Having finished my lunch on the stile at Hawkridge Reservoir, I made my way south for some ten minutes to a National Trust property in Somerset that I had not previously visited, Fyne Court. I was planning just to explore the grounds of the 65-acre estate, as I knew that the house had long ago – 1894 in fact – burned down. For generations, the property had belonged to the Crosse family, including one Andrew Crosse, who had been one of the key people to experiment with electricity early in the 19th century. The property was left to the National Trust in 1967.
Once away from the remaining outbuildings, I chose the longest – 40-minutes – of the three short waymarked walks. Pond-dipping was available on one of the other two,
as was what I imagined had been the old kitchen garden.
It was for me to enjoy the next tree, just 50 metres on. The heavens opened when I was between the two, with more of the 3% chance of rain which had been forecast for the day.
I stayed perfectly dry and used the wait to study details.
The rain did not last long,
and when I emerged I found I was not far from my starting point, the outbuildings.
Having looked at the panels, of which this is one, about previous occupants of the property,
I improvised a face mask from an old shirt I had in my backpack (just in case I was cold – quite the opposite!) and went into the tea-room, which had just reopened that afternoon it seemed, and treated myself to a Magnum.
I didn’t fancy sitting around to eat it, but took it back to my car. Just as well – the heavens opened again just as I got there!
I was pleased to find that no roadworks held me up on my way home.
I wasn’t planning to visit The Newt in Somerset again this month, but the meet-up rules had been relaxed, and I was due to pass over my previous camera to my bridge partner, Daphne. It had been she who had told me about The Newt when it opened in 2019, but my one planned visit there in August had been thwarted by bad weather (which led to my London friend Mary and I going to the nearby Haynes International Motor Museum instead).
Daphne and I had not seen each other since 5th March, the last bridge club meeting before my Morocco trip. Greeting each other with a socially distanced hug, we exchanged carrier bags via the boot of my car, and started up the entrance path.
The Newt is now charging again, but Daphne and I were already members, so we were able to bypass the ticket building to get in.
Near the top of the path to the ‘Threshing Barn’, it was sad to see that a magnificent beech tree was being removed. It was diseased on the inside apparently.
There is still a theoretical one-way system, and we were channelled through the barn.
Along withe the charges have been restored the gift shop, and the ability to buy beverages and ice-cream.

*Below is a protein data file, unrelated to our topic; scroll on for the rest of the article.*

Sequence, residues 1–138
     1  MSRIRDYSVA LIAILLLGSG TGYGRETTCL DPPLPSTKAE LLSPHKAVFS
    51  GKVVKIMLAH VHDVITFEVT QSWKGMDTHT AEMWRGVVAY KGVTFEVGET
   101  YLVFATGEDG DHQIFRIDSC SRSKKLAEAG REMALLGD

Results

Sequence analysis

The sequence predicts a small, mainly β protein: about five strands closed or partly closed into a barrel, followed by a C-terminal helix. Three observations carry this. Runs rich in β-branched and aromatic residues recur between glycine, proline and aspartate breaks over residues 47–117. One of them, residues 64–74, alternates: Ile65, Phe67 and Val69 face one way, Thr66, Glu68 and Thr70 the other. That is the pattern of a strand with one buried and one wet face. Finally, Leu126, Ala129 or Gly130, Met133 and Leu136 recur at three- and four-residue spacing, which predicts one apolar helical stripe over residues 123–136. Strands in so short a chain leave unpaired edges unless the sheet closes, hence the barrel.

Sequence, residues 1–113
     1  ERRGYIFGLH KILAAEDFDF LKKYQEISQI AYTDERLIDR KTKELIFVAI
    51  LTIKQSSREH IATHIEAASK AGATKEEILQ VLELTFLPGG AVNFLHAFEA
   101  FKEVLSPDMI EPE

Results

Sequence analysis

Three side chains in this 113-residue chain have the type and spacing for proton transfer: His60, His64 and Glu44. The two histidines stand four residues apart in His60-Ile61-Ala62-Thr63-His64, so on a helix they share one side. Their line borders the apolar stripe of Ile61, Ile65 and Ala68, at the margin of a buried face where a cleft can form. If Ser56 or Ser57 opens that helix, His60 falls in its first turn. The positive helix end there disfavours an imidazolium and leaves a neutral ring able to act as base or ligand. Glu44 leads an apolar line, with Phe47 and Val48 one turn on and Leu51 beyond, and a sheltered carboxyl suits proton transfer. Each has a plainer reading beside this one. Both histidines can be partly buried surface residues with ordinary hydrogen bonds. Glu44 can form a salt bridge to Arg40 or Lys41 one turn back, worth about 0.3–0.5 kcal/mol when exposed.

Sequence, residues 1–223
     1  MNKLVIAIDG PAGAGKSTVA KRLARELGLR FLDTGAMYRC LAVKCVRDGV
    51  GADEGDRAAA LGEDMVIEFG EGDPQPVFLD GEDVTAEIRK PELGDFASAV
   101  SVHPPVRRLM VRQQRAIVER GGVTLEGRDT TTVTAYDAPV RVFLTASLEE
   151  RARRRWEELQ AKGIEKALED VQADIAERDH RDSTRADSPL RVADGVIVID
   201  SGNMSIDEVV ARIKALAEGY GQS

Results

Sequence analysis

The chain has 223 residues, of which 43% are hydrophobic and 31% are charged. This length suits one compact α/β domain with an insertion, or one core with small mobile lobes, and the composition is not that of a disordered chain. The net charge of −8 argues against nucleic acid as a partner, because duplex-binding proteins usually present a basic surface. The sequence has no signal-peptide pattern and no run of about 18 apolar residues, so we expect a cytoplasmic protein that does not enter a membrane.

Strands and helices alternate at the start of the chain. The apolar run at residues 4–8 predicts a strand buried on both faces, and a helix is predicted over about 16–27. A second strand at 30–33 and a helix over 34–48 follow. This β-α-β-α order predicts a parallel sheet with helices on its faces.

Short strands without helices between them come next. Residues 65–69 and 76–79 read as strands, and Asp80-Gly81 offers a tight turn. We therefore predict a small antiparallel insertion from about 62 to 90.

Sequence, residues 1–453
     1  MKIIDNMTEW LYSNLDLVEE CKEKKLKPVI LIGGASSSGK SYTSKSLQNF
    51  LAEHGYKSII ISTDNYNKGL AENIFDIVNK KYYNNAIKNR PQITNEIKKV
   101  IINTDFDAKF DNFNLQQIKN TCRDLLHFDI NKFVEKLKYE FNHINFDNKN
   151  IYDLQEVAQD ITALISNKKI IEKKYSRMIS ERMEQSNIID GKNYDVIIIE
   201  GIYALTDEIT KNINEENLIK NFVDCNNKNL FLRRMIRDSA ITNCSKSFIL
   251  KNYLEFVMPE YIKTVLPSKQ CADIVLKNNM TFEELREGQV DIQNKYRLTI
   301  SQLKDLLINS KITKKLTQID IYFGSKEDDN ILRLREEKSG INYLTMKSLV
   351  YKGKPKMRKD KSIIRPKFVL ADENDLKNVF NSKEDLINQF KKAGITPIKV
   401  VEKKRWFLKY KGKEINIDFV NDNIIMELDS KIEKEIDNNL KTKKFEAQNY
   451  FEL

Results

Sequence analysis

We partook of neither, and indeed our intention was to avoid the most frequented parts of the gardens. We turned off left therefore to the Marl Pit and the Marl Pit Copse.
On a day that was to become very hot indeed, it was wonderfully fresh, with the sunlight trickling down through the trees. I hadn’t explored this area on my two previous visits.
We continued into the deer park with no real expectation of seeing any deer, but we did just get a glimpse.
We went on to the walkway to Museum of Gardening, itself closed of course. In any case I’m told you must allow at least two hours to do the museum justice. It has a refreshment area to keep you going.
From the museum, we walked to the end of the grounds of the Newt, though beyond is still part of the whole estate. I do not recall this dovecot (if that is what it is) beyond the boundary being there in January. It is built in the same style, stone and roofing as the rest of the new build at the Newt.
We ambled back. (Ambling is now allowed as ‘The Rules’ no longer require that you be outdoors only for essential shopping, and exercise.)
Returned from the Deer Park, we ventured a little into the more crowded ‘pretty’ areas, but did not plunge in.
Finally there was the ‘Woodland Walks and Mound ‘ area, which I had not seen on previous visits.
We climbed The Mound, of which I forgot to take a photo. It’s basically an upside-down pudding bowl with a gentle spiral path to get to the top.
It was time to go – once I had bought my Newt in Somerset cyder (sic) – leaving by the one way system exit, which meant passing the diseased beech on its other side. It had lost a few more branches, which were being removed one by one. No ‘Timber….!!!!’ was to follow i was told when I asked. It might have been worth staying to watch if so!
Daphne and I had had much digital and telephone contact in the twelve weeks since we had seen each other, but there is nothing like actually being with a friend and together doing something you both like. And now restrictions are to be relaxed further as from tomorrow, another bridge friend is immediately taking advantage of that and has invited three of us round to her garden, not of course for bridge – which would not be within guidelines, sensible, or practical – but for a good old chinwag, socially distanced of course. We will even each take our own beverages.